By Mike Hiserman
9:27 PM PST, December 19, 2013
NEW YORK — UCLA is 11 games into its basketball season, and this is what's known for sure: Bruins guard Kyle Anderson can spot a really good basketball player when he sees one.
Anderson said in the days leading up to Thursday night's game against Duke that he had seen Blue Devils star Jabari Parker play as he rose through the youth ranks on his way to becoming the top freshman in the nation.
"He's always been the best player on the floor," Anderson recalled.
Parker scored 23 points, grabbed 10 rebounds and, for good measure, chipped in five assists as eighth-ranked Duke ran away from UCLA in the second half for an 80-63 victory before a nationally televised audience and a crowd of 15,410 at Madison Square Garden.
The 6-foot-8 forward from Chicago — who is listed on several NBA draft projections as the likely top pick next year — came into the game averaging 22 points, so he did just a little better than par. But his performance left UCLA Coach Steve Alford reaching high into the pro ranks for a comparison.
"There's a lot of Melo in him as far as a guy who stretches to the three-point line, he can drive the basketball, he creates space off the dribble to create jump shots, and he can take you in the post," Alford said, referring to New York Knicks star Carmelo Anthony. "I just think he's a very talented, gifted player. You don't see a lot this polished 10-11 games into their freshman season."
Anthony was that polished, of course, which is how he led Syracuse to a national championship in his one season of college ball.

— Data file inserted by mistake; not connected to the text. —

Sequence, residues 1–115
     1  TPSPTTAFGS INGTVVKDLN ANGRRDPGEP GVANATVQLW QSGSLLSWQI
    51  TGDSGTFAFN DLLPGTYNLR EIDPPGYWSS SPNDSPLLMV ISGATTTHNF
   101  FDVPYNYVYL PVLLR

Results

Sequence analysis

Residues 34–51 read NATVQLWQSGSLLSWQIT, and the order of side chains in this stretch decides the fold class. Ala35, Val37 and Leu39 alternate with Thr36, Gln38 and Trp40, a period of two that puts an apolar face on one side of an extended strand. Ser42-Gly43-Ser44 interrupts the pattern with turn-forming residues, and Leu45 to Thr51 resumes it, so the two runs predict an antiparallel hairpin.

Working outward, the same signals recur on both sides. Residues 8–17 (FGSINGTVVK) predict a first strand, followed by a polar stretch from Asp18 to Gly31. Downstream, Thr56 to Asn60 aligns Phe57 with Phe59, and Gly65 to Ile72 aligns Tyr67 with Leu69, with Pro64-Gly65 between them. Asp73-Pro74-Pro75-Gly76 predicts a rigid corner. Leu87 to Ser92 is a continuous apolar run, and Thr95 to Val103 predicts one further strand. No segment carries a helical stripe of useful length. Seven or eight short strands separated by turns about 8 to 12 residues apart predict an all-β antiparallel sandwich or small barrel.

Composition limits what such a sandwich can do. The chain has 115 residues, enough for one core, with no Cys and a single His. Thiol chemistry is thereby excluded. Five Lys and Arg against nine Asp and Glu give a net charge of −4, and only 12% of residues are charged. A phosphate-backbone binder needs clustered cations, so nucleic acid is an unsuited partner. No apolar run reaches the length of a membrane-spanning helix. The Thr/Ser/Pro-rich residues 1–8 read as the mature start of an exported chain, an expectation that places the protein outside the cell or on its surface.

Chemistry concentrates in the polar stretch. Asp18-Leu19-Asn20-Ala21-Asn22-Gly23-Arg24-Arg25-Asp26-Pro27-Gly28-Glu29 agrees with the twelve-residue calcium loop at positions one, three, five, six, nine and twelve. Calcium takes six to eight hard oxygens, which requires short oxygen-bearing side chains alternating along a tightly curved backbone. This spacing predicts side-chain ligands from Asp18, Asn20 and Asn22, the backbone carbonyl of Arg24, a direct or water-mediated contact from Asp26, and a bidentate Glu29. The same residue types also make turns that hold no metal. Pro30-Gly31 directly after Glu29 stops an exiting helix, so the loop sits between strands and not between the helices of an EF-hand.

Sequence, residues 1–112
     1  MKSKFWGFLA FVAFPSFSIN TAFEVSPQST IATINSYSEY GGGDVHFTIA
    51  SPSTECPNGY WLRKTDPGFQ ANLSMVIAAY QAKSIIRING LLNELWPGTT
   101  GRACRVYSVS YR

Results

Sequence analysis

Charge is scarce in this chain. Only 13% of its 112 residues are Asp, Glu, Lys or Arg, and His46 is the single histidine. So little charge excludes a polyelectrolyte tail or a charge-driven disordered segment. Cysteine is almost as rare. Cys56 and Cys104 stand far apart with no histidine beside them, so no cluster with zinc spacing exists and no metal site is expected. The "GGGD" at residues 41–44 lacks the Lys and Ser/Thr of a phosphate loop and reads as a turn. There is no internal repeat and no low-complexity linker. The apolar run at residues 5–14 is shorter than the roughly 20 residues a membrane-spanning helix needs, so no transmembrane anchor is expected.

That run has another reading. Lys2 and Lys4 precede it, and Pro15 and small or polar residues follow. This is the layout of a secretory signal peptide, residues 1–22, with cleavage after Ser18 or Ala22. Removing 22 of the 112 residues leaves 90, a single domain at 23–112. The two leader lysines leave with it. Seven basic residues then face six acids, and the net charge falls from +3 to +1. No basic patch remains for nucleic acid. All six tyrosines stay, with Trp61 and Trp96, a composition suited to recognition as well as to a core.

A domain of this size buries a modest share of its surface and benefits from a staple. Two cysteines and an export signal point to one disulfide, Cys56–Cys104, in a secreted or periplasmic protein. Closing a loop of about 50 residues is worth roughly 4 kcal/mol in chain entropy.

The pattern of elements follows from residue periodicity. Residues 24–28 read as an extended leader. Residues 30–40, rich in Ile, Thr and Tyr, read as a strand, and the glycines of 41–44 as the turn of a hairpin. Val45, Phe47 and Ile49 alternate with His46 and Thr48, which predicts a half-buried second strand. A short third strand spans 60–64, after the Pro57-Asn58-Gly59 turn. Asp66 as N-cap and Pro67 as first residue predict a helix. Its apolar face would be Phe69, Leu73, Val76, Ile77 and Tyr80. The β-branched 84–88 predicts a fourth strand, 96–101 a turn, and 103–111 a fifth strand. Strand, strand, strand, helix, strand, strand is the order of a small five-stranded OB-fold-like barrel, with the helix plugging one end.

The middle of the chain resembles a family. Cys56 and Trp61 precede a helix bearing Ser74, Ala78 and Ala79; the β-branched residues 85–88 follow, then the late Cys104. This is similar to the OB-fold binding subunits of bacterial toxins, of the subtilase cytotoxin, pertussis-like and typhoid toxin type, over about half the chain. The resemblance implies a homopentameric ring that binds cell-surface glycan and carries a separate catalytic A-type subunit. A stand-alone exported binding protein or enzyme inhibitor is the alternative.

There's a lot of basketball to be played before we'll find out whether Parker can do the same, but Duke Coach Mike Krzyzewski likes where the Blue Devils (9-2) are headed. "We're becoming a really good team right now," he said.
As for UCLA (9-2), well, the Bruins are a good first-half team. The second half? Not so much.
For the third consecutive game, UCLA couldn't finish a game the way it started.
Well, actually, check that. The Bruins started slow, making just two of their first 11 shots. But sparked by freshmen Bryce Alford — the coach's son — and Zach LaVine, UCLA turned a 10-point deficit into a six-point lead in the first half.
Duke managed to tie the score, 37-37, at halftime, and then it was all Blue Devils after that.
"Duke did a really good job of cranking things up and we didn't handle it very well," said Alford the coach, noting that the same thing happened to UCLA in a loss at Missouri and a win at home against Prairie View A&M.
Anderson, UCLA's sophomore point guard who was playing about a half-hour drive from his hometown, half-credited Duke and half-blamed the Bruins. "That's Duke's signature pressure defense," he said, "that's what they want to do. And we fell into it. Hopefully it's something we learn from."
UCLA came into the game ranked third in the nation in scoring, field-goal percentage and assist-to-turnover ratio. And the Bruins sunk and sunk and sunk.
They were 26 points shy of their scoring average, more than 14 percentage points worse than they typically shoot, and had one more turnover than assist.
Alford wasn't too disappointed with the 13 turnovers against a Duke defense. What hurt more than the quantity, the coach said, was that most directly led to Blue Devils baskets.
"Our turnovers were bad," he said. "You don't want turnovers to lead to points, and ours led to easy points."
More than half of UCLA's turnovers came on steals by guard Quinn Cook, who had eight. Cook also had 14 points.
David Wear led UCLA with 16 points on six-for-seven shooting, including four of four from three-point range. Anderson had 15 points, 10 rebounds and seven assists but also six turnovers.
Jordan Adams, who came in averaging 21.2 points per game, was held to 10.
Copyright © 2014, Los Angeles Times